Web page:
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Human Noises

Without doubt the most deathly appalling and evil element of any meeting. In that inescapable confined space you are subjected to the various bodily clanks and clunks of people you haven’t chosen to be locked up with, because why would you choose to spend two hours with someone who clears their throat every six and a half seconds? Not a cough, listener – they never actually cough, there is an apparently insufficient build-up of phlegm to warrant an actual cough – a mere clearing of the throat. Every six and a half seconds. You know the sort I mean. A little ‘hahhugm’ noise. Every six and a half seconds. After two hours each ‘hahhugm’ is like a dagger in your heart.

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And then you must contend with the sniffers, the sneezers, the sighers, and, the godfather of all evil meeting elements: the speaker’s mouth noises.

The loud swallows, listener – every squelch his saliva makes as it forces itself down his throat echoes through the room and pierces your very soul with its heinousness. The sucking of his tongue on his teeth every time he draws breath or starts a new sentence; the occasional slurp or snort; or the accumulation of such a quantity of saliva in his mouth that it sounds like  he’s talking through a mouthful of cotton wool, and this only serves to intensify your growing panic as you begin to rock back and forth, a tear forms in your eye, and you silently offer up your own grandmother in exchange for just one swallow from the speaker.

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Remedy

There is no easy way to deal with this evil meeting situation without making tyrannical and barbaric use of staple guns and shredding machines.

No, I mean there really is no other way.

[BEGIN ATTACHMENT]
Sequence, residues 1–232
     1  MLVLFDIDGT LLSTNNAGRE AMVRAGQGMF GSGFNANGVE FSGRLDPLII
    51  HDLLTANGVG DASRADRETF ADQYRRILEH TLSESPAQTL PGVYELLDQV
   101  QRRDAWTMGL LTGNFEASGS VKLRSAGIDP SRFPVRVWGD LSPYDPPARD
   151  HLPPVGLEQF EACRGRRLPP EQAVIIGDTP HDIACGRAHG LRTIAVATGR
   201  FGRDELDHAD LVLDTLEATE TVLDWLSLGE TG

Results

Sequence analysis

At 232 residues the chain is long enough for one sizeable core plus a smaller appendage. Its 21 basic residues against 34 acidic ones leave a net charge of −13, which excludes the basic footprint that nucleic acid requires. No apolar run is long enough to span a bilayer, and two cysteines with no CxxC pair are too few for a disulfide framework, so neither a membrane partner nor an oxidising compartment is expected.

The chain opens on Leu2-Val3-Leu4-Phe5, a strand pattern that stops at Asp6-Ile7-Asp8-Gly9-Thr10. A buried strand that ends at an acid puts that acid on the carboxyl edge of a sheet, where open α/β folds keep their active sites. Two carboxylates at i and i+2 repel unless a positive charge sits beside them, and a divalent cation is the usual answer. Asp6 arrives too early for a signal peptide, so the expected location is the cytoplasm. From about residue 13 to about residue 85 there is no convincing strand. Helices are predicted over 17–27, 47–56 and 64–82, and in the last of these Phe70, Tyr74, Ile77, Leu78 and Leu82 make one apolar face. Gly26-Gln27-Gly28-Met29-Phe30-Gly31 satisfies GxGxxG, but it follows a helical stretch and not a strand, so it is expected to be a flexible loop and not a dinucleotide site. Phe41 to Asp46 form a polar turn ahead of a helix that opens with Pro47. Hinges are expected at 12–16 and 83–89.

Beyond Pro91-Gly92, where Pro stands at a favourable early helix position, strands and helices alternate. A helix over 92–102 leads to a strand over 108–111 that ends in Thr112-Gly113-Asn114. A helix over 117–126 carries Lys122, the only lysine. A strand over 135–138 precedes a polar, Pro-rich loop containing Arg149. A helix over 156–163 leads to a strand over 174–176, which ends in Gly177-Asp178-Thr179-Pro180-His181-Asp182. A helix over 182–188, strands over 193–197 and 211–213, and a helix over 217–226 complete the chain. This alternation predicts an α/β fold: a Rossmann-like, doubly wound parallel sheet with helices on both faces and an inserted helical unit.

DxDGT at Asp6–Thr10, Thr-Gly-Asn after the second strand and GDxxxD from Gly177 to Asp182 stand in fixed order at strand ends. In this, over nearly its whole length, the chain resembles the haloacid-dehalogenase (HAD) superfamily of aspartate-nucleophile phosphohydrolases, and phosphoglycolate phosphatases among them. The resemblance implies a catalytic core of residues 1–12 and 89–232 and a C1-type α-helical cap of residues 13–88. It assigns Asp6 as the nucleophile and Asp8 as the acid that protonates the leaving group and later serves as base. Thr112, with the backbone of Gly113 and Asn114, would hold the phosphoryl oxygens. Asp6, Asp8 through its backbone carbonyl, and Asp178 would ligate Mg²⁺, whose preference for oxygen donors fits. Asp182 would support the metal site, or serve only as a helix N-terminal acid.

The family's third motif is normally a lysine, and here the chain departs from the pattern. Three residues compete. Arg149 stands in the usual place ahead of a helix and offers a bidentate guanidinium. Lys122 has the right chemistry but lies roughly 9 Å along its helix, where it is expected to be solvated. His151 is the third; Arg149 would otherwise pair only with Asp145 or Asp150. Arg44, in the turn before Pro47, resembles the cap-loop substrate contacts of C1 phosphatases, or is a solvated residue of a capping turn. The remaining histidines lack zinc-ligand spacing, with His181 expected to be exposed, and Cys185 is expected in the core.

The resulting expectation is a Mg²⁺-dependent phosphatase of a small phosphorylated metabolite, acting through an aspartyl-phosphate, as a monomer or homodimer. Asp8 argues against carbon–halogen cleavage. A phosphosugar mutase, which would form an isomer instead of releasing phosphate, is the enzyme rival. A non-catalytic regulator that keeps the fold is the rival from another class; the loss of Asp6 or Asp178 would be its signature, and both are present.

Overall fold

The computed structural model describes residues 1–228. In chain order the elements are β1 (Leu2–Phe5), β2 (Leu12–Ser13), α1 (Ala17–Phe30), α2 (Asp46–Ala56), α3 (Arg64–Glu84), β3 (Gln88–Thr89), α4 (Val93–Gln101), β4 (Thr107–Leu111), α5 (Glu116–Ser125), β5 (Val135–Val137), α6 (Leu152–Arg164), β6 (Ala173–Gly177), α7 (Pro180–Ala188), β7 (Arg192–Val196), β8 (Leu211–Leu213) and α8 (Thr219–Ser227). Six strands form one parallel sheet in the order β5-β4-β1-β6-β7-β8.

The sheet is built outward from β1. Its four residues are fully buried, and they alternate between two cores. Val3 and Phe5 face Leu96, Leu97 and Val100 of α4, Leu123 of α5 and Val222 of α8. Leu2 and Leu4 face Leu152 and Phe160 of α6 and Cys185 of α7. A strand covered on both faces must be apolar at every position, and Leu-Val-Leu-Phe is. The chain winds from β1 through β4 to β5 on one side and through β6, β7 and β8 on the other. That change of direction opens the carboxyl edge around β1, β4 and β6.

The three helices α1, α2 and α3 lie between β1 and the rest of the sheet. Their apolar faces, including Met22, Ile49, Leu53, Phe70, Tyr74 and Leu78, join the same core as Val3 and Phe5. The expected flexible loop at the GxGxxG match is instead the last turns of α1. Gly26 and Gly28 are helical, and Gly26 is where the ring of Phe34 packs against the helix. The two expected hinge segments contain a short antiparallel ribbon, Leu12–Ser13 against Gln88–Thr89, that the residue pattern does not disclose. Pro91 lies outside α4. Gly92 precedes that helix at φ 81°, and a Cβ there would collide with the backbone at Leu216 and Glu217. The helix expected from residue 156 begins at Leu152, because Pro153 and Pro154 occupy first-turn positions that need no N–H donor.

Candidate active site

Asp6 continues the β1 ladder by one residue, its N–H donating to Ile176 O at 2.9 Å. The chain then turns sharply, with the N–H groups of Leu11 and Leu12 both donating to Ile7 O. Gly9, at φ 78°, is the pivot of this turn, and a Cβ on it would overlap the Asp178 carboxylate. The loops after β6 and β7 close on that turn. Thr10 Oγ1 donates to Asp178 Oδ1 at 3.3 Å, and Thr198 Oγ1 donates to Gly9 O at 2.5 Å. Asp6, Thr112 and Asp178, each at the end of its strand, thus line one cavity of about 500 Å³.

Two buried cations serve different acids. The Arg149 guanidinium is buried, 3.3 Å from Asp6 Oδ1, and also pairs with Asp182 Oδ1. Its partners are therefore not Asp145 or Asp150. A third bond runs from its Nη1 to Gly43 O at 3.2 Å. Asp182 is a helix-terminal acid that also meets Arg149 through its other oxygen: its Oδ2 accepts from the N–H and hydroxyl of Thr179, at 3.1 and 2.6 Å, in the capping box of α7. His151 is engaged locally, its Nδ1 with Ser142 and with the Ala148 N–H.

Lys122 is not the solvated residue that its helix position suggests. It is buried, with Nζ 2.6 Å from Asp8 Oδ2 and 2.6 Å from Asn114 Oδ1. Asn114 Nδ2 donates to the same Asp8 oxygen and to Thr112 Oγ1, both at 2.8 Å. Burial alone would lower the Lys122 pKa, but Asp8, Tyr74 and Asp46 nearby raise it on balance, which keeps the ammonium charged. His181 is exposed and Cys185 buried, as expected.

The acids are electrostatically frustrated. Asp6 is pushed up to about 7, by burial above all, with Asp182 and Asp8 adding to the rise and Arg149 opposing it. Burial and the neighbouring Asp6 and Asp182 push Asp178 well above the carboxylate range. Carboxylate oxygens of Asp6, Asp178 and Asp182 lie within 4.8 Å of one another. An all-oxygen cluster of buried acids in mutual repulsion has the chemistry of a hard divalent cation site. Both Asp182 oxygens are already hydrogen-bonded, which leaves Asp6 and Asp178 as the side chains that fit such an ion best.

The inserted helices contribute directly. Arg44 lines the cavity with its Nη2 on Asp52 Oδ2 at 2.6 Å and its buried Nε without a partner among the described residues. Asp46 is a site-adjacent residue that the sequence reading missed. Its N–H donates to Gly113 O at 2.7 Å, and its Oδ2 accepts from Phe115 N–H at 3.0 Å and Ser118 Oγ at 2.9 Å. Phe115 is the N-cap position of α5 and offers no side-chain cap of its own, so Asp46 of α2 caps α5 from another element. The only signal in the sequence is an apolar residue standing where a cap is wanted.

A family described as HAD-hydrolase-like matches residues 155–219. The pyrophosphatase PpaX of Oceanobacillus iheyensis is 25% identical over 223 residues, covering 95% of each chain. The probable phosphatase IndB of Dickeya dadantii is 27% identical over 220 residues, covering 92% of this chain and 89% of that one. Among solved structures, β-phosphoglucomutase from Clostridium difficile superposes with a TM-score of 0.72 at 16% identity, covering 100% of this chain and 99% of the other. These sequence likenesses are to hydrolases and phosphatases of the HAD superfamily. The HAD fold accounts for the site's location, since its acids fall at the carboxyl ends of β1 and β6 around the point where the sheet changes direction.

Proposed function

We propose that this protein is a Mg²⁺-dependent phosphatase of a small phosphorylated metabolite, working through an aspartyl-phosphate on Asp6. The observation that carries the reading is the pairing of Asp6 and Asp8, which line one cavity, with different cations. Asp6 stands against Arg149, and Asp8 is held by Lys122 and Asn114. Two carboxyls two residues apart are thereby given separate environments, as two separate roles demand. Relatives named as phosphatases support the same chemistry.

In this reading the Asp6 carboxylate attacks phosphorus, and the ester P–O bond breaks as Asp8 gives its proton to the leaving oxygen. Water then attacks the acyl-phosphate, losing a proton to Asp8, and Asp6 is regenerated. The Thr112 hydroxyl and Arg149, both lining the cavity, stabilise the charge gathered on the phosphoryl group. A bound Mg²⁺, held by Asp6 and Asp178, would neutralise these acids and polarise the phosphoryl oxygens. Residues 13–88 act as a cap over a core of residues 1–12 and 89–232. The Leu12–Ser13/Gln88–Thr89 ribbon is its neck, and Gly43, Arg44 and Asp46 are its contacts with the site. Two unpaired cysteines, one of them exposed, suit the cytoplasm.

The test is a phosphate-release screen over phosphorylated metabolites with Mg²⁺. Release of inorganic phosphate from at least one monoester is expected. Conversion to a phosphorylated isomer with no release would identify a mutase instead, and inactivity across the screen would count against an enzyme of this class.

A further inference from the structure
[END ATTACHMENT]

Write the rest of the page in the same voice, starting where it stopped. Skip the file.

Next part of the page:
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Epic Fatigue

It is well-known that meeting rooms are fitted with devices that spray invisible yet potent soporific gases into the atmosphere to cause almost coma-level drowsiness and extreme weakness in the inhabitants of said room. There is no other way to explain the unfathomable and almost biblical lethargy that one feels immediately upon entering a meeting room. You might think you’re a fairly virile, bounding sort of chap – you eat a lot of pulses and lean protein, and you fit in a couple of 5K runs a week and people say things like ‘I wish I had your energy’ or ‘I can’t keep up with you’ – and yet you are no match for the epic fatigue that consumes your entire being during a meeting.

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Remedy

There are two effective methods to combat the epic fatigue: the first is to make a cocktail of espresso, Lucozade, Red Bull and cocaine, and fifteen minutes before the meeting inject it into your veins. There are possible extraordinary side effects of this method, including re-enacting an entire battle scene from Gladiator with you playing all the parts (including the horses), building a scale model of a pyramid using pencils, agendas and your colleagues, and trying to walk on the ceiling.

A less disruptive method is to simply give in to the epic fatigue and get yourself a nice couple of hours kip, with only a marginal risk of shouting out potentially compromising dream words.

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So there you have it. I hope you now feel equipped, dear attentive listener, to deal with any future meetings that you will inevitably have to attend if you are to remain in this grown-up life. There is, of course, the catalogue of Plausible and Implausible But Always Mega Excuses to Avoid Going to a Meeting, which you should carry around with you at all times, particularly for those unscheduled meetings that managers like to spring on employees to make sure they’re still alive.